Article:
In this post we are thrilled to share with you all the videos and slides from the breakout sessions which took place on the first day of DockerCon Europe. From original Docker use cases in bioinformatics and radio Astronomy to more classic use cases on Continuous Delivery, these videos include a ton of Docker insights, tips and tricks. Enjoy!
Hadoop is a Big Deal, and here to stay.Spark, for most practical purposes, is becoming a big part of Hadoop.Most servers will be operated away from user premises, whether via SaaS (Software as a Service), co-location, or “true” cloud computing.
Trickier is the meme that Hadoop is “the new OS”. My thoughts on that start:
People would like this to be true, although in most cases only as one of several cluster computing platforms.Hadoop, when viewed as an operating system, is extremely primitive.Even so, the greatest awkwardness I’m seeing when different software shares a Hadoop cluster isn’t actually in scheduling, but rather in data interchange.
I was recently asked about the benefits and wisdom of using off heap memory in Java. The answers may be of interest to others facing the same choices.
Off heap memory is nothing special. The thread stacks, application code, NIO buffers are all off heap. In fact in C and C++, you only have unmanaged memory as it does not have a managed heap by default. The use of managed memory or "heap" in Java is a special feature of the language. Note: Java is not the only language to do this.
It has been a while since the last update on the overall direction and release planning of Akka, so before this year ends we thought it a good time to lay out the plans for the first half of the next. You have all seen the first milestone release of Akka Streams & HTTP and many of you tried it out and gave feedback—thanks a lot for that and keep it coming!
The next step will be another milestone for these projects, focusing mostly on documentation. This will allow those of you who prefer reading text instead of the source code to also dive into the new and exciting features that are coming up, and if all goes well this will be available before Christmas so that you have something to play with during the vacation days :-) We will then spend the first quarter of 2015 polishing and optimizing Streams & HTTP—especially in response to all your valuable feedback!—and plan on releasing a 1.0 version against Akka 2.3.x in March.
Today is a big day. The first release of Hibernate OGM with final status. Ever! Don't be fooled by the 4.1 number. Hibernate OGM is an object mapper for various NoSQL stores and offers the familiar JPA APIs. This final version offers mapping for MongoDB, Neo4J, Infinispan and Ehcache.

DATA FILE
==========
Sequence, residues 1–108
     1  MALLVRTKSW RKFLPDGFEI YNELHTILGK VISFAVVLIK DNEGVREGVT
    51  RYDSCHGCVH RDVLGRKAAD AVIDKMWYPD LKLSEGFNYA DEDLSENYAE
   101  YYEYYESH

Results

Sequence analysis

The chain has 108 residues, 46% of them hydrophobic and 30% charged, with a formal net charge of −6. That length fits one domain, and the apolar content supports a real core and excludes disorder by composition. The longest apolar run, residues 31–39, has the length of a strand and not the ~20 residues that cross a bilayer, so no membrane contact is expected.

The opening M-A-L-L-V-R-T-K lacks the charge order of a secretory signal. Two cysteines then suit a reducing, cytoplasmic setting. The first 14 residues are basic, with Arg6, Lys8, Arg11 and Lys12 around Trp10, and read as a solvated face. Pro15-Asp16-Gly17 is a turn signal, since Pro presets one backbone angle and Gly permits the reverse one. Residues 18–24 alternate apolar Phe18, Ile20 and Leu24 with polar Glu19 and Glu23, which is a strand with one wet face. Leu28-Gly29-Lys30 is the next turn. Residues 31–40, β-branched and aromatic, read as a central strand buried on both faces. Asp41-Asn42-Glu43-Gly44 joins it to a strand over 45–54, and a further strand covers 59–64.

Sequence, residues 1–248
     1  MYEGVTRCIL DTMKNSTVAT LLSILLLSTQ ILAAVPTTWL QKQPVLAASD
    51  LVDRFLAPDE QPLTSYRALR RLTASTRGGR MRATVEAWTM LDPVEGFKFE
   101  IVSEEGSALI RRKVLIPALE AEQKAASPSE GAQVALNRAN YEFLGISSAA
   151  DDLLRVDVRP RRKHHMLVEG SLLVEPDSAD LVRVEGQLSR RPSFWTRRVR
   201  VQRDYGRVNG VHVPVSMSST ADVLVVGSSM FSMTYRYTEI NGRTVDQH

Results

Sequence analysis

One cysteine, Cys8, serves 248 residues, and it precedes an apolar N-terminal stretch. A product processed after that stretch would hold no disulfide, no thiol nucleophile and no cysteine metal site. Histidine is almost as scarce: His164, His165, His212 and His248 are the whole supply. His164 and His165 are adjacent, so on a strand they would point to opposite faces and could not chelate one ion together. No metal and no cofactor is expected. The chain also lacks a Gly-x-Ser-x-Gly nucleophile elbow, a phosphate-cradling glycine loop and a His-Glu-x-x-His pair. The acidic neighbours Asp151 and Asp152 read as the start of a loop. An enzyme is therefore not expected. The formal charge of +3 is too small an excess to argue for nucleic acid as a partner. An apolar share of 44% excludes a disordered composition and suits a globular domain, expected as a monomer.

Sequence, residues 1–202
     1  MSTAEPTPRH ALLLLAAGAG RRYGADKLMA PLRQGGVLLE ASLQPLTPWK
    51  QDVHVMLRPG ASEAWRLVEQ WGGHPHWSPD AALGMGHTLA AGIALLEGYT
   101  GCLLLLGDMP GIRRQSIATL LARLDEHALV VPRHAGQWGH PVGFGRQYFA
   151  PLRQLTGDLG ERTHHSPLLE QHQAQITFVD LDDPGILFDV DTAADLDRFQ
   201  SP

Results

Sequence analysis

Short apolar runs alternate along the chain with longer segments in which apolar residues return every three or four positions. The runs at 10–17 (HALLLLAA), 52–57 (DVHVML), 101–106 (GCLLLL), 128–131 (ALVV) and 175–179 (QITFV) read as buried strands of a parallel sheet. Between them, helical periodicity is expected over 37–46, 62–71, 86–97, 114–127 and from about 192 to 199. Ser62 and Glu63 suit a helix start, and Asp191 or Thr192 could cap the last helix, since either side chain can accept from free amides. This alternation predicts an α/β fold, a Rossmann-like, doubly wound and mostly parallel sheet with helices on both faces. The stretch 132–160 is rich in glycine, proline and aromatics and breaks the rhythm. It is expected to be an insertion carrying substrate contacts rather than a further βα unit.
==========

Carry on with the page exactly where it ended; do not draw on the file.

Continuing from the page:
It has been a long journey to reach this release, much longer than we thought. And there is a long journey ahead of us to implement our full (and exciting!) vision. But today is the time to celebrate: download this puppy and try it out.
A friend of mine posted the following on facebook. He meant it as a troll; and it worked, because it irked me.
There are many programmers who have said similar things over the years. They consider Object Orientation and Functional Programming to be mutually exclusive forms of programming. From their ivory towers in the clouds some FP super-beings occasionally look down on the poor naive OO programmers and cluck their tongues.
That clucking is echoed by the OO super-beings in their ivory towers, who look askance at the waste and parentheses pollution of functional languages.
These views are based on a deep ignorance of what OO and FP really are.
At the recent GOTO conference in Berlin, Mahout committer Sebastian Schelter outlined recent advances in Mahout's ongoing effort to create a scalable foundation for data analysis that is as easy to use as R or Python.
As I've written before, the new functional features in Java 8 is a game changer. It’s a new world for the Java developer and it's time to adjust to it.
In this post we’ll look at some alternative solutions to the traditional loop. The great thing about the new functional features in Java 8, is that it allows us to say what we want to be done instead of saying how to do it. This is where loops fall short. Sure loops are flexible, but this flexibility doesn’t come without a price. A return, break or continue dramatically changes how the loop will act, forcing us not only to understand what the code is trying to achieve, but also understand how the loop works.
By the introduction of streams in Java 8, we got some great functional operations to use on collections. We’ll now see how we can transform these loops to more concise and readable code.
Today we are excited to share a technical article by our friends at GearPump a high performance, lightweight, real-time streaming engine built on top of Akka. Sean Zhong, Kam Kasravi, Huafeng Wang, Manu Zhang and Weihua Jiang have written a quick summary below, linking to the full paper.
The following is a summary of a talk I gave at Strata NY that is proving popular among a lot of people who are still trying to understand use cases for Hadoop and big data. In this talk, I introduce the concept of a Big Data Lake, which utilizes Hadoop as storage, and powerful open source and Pivotal technologies. Here are 10 amazing things companies can do with such a big data lake, ordered according to increasing impact on the business.
Mads Torgersen, C# program manager at Microsoft, published a short video presentation describing what is coming in the next major C# version, C# 6. Among C# 6 new features, Mads highlighted getter-only properties, the lambda-arrow operator, string interpolation, and more.
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